What are the languages of the future?
With the #Oriental and #Middle #Eastern markets’ constantly expanding #economies, it is now beneficial to learn a wider range of languages than ever before.
#Universities have seen a rapid rise in language students now opting to learn previously ‘unconventional’ languages including #Russian, Arabic and Mandarin Chinese. Whilst #French, #Spanish and #German remain popular studies following up from their A-Level and Baccalaureate counterparts, they are often mixed with the new wave of languages at university, i.e. students nowadays are more likely to take French and Arabic, or Spanish and Chinese. For adults who want to acquire a new tongue, fascination delves them into #Mandarin and/or Cantonese as well as Hindi and Japanese. It appears that conventional French is no longer ‘à la mode’, despite being the primary language of the #European Union. The economic crisis of recent years could go some way to explain this influx of interest in the Eastern world – sources of income now stretch far beyond Europe and #USA.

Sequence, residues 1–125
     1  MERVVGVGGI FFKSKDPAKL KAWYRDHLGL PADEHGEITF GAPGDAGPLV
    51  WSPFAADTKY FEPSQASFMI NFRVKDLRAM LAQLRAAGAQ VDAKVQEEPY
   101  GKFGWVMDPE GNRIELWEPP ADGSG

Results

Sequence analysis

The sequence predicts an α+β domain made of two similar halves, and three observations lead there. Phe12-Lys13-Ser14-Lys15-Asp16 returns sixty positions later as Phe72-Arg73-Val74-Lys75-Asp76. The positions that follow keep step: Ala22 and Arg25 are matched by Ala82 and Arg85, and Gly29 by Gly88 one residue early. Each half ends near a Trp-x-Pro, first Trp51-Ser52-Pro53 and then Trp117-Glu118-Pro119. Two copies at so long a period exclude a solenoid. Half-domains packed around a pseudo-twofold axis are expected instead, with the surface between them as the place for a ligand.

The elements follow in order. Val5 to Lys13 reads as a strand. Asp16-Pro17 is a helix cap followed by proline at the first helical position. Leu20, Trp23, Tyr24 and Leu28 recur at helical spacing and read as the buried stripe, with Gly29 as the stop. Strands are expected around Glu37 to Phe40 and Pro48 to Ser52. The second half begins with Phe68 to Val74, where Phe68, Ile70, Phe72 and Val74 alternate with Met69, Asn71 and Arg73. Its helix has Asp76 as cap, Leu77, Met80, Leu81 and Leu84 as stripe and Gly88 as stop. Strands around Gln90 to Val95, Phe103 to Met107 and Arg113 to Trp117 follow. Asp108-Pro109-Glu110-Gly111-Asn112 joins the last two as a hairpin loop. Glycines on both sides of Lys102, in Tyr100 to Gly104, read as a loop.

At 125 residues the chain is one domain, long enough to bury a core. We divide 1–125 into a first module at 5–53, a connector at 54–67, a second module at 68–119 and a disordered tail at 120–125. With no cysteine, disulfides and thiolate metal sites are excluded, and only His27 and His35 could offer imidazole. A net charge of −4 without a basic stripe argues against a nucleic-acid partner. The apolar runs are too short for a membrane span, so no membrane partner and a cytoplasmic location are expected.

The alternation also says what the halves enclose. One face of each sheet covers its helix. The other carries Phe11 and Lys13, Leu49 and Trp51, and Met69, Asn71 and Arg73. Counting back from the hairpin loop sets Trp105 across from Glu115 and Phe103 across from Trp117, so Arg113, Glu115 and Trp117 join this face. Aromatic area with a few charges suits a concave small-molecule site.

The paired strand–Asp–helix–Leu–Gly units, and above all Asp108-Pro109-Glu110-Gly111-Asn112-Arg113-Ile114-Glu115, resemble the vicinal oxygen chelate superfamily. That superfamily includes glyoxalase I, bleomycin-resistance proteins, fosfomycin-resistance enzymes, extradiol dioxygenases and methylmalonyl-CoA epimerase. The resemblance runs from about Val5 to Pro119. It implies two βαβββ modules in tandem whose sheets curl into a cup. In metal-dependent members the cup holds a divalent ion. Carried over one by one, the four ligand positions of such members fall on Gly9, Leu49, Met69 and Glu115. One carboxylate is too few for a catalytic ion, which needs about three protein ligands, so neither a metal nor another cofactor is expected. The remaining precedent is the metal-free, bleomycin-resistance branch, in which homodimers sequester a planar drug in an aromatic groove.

On the same road in a city like #London, one could find #Italian, #Lebanese, #Chinese and #Indian restaurants all lined up alongside each other in perfect harmony. This form of #globalisation has expanded from not only picking a new eatery, but watching foreign #films, visiting historical and #cultural #exhibitions about foreign lands, and most importantly, learning the #language (or at least its basic elements).